Virginia Tech Basketball: 3 Things We Learned From The Loss to #5 Florida State

Michael McDaniel

Virginia Tech lost its third-straight game, and fourth out of five on Saturday afternoon, falling to #5 Florida State 74-63 in front of a packed house at Cassell Coliseum in Blacksburg.

The Hokies hung tough for the duration, getting themselves back into the game multiple times as the Seminoles tried to pull away. Tech fell down by as many as 16 in the second half, before fighting back down the stretch to get within striking distance. 

However, issues that plagued the Hokies throughout the game were prominent down the stretch, leading to the 11-point victory for Florida State. 

Here's what we learned from Tech's third-straight loss.

1. Tech's starting five didn't get the job done offensively

Virginia Tech's offense has been hard to come by all year, but on Saturday in particular, the starting five was particularly bad.

Let's start with this: Tyrece Radford did what he could. He's developed into the Hokies' most consistent player on both ends of the floor. Radford finished with 18 points on 8-for-10 shooting, while adding six rebounds.

Landers Nolley was rough around the edges once again (more on that in a minute), but he scored 14 points, second to only Radford.

Tech's other three starters were Nahiem Alleyne, Wabissa Bede, and P.J. Horne. That trio was particularly uninspiring on the offensive end, finishing with 11 points combined on 4-for-18 shooting from the floor. 

While Virginia Tech's offensive struggles throughout the season have been largely driven by youth getting their first taste of college basketball, the Hokies certainly need more out of their veterans in Bede and Horne.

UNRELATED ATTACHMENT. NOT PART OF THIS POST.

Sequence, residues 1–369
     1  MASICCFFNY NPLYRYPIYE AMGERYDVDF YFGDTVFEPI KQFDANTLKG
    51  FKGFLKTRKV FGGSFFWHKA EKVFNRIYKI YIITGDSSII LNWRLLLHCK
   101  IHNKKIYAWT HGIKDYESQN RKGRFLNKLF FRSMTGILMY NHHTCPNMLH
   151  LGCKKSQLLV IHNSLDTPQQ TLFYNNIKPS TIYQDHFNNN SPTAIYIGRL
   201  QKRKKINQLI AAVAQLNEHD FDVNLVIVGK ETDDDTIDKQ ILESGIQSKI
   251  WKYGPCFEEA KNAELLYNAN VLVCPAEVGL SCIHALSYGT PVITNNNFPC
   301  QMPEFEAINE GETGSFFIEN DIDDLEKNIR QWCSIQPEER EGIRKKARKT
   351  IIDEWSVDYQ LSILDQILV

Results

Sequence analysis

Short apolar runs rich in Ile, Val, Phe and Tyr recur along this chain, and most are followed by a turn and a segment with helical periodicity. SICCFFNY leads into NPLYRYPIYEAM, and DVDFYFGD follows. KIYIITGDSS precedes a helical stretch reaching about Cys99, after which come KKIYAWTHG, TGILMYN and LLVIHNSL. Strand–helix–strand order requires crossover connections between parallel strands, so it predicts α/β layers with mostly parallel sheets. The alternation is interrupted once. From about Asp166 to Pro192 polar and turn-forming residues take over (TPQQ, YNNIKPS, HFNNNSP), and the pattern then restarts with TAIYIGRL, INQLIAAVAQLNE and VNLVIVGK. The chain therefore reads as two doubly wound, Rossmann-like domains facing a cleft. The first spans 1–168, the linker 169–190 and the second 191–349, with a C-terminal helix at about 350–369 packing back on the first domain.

Neither player has been seen historically as strong offensive players, but even so, Tech needs more from their two veteran players in order to get things moving back in the right direction.

2. Jalen Cone needs more minutes

Coach Mike Young has said in the past that every time Jalen Cone shoots, he thinks it's going in.

On a team desperate for offense, the time has come for Mike Young to give Cone more minutes. 

While Young thinks highly of Cone's offense, he has expressed concern over Cone's ability to defend, which is a staple of playing in Young's system. Many are calling for Cone to begin getting the nod over Bede in the starting five, but even if you don't believe that Cone should start, he should at the very least be playing more than he has recently.

Since Cone scored 18 points to key the Hokies in a 79-77 win over North Carolina on January 22nd, he has only averaged a shade over 16 minutes per game in the next three contests. Cone played only 12 minutes on Saturday against Florida State, which was the fewest amount of minutes that he has played since January 4th against Virginia.

Tech has lost four out of five, and they need a shake-up. Even if Young wants to keep his starting five the same as its been, changing the rotation to insert more offense at times throughout the game likely wouldn't hurt.

3. Landers Nolley continues to struggle

I received some reaction to a piece I wrote about Landers Nolley on Friday that perhaps I'm being too hard on him.

But Nolley has the highest ceiling of any player on Tech's roster, and his potential is limitless. As such, he's under the microscope.

It was another inefficient performance by Nolley on Saturday, as it's clear that he's pressing as Virginia Tech searches for offensive production. He is one of the few players on Tech's roster who has the ability to play in isolation and create his own shot. With the Hokies struggling to put the ball in the basket on a consistent basis, Nolley has taken it upon himself to try to steer the offense back in the right direction.

This approach has produced mixed results throughout the season, but recently it's done more harm than good. Nolley finished the game on Saturday with 14 points on 5-for-16 shooting, including 2-for-8 from three with three turnovers. In addition, as nearly an 80% shooter from the free throw line, he only took one trip to the charity stripe, making both attempts.

To be clear, it's not that Nolley has been terrible, he's just been inefficient at points throughout ACC play. The Hokies need his offense to click desperately, and he knows it. 

With that being said, he needs to be more selective with finding his own shot, as it has driven Tech to more bad possessions of late than good ones. He's not the sole reason why the Hokies haven't played well recently, but his play has been a driver. 

He and his teammates need to conjure up something positive, and need to do it quickly, as time is running out for the Hokies to try to make their NCAA Tournament case.